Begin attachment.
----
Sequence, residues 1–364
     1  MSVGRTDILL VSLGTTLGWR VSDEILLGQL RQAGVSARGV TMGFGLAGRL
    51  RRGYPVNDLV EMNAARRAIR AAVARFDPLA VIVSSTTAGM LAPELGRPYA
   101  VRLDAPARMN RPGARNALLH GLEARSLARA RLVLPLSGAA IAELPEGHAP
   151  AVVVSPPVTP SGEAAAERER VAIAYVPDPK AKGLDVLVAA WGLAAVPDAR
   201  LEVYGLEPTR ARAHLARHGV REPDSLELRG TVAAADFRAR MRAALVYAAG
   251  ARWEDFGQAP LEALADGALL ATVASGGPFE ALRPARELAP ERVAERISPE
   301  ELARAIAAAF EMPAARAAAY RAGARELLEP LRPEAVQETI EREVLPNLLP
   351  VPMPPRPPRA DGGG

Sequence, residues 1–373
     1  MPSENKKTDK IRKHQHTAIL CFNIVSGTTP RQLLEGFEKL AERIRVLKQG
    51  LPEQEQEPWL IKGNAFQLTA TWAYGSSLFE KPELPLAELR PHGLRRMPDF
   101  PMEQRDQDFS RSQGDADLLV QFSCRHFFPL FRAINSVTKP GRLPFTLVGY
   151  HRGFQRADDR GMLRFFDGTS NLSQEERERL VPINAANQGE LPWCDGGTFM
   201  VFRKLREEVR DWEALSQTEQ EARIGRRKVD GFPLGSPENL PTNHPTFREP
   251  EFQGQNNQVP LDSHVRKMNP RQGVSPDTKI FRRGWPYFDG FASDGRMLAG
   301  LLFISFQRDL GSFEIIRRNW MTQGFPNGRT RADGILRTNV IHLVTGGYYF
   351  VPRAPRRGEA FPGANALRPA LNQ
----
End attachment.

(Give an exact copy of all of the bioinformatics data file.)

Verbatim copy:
Sequence, residues 1–364
     1  MSVGRTDILL VSLGTTLGWR VSDEILLGQL RQAGVSARGV TMGFGLAGRL
    51  RRGYPVNDLV EMNAARRAIR AAVARFDPLA VIVSSTTAGM LAPELGRPYA
   101  VRLDAPARMN RPGARNALLH GLEARSLARA RLVLPLSGAA IAELPEGHAP
   151  AVVVSPPVTP SGEAAAERER VAIAYVPDPK AKGLDVLVAA WGLAAVPDAR
   201  LEVYGLEPTR ARAHLARHGV REPDSLELRG TVAAADFRAR MRAALVYAAG
   251  ARWEDFGQAP LEALADGALL ATVASGGPFE ALRPARELAP ERVAERISPE
   301  ELARAIAAAF EMPAARAAAY RAGARELLEP LRPEAVQETI EREVLPNLLP
   351  VPMPPRPPRA DGGG

Sequence, residues 1–373
     1  MPSENKKTDK IRKHQHTAIL CFNIVSGTTP RQLLEGFEKL AERIRVLKQG
    51  LPEQEQEPWL IKGNAFQLTA TWAYGSSLFE KPELPLAELR PHGLRRMPDF
   101  PMEQRDQDFS RSQGDADLLV QFSCRHFFPL FRAINSVTKP GRLPFTLVGY
   151  HRGFQRADDR GMLRFFDGTS NLSQEERERL VPINAANQGE LPWCDGGTFM
   201  VFRKLREEVR DWEALSQTEQ EARIGRRKVD GFPLGSPENL PTNHPTFREP
   251  EFQGQNNQVP LDSHVRKMNP RQGVSPDTKI FRRGWPYFDG FASDGRMLAG
   301  LLFISFQRDL GSFEIIRRNW MTQGFPNGRT RADGILRTNV IHLVTGGYYF
   351  VPRAPRRGEA FPGANALRPA LNQ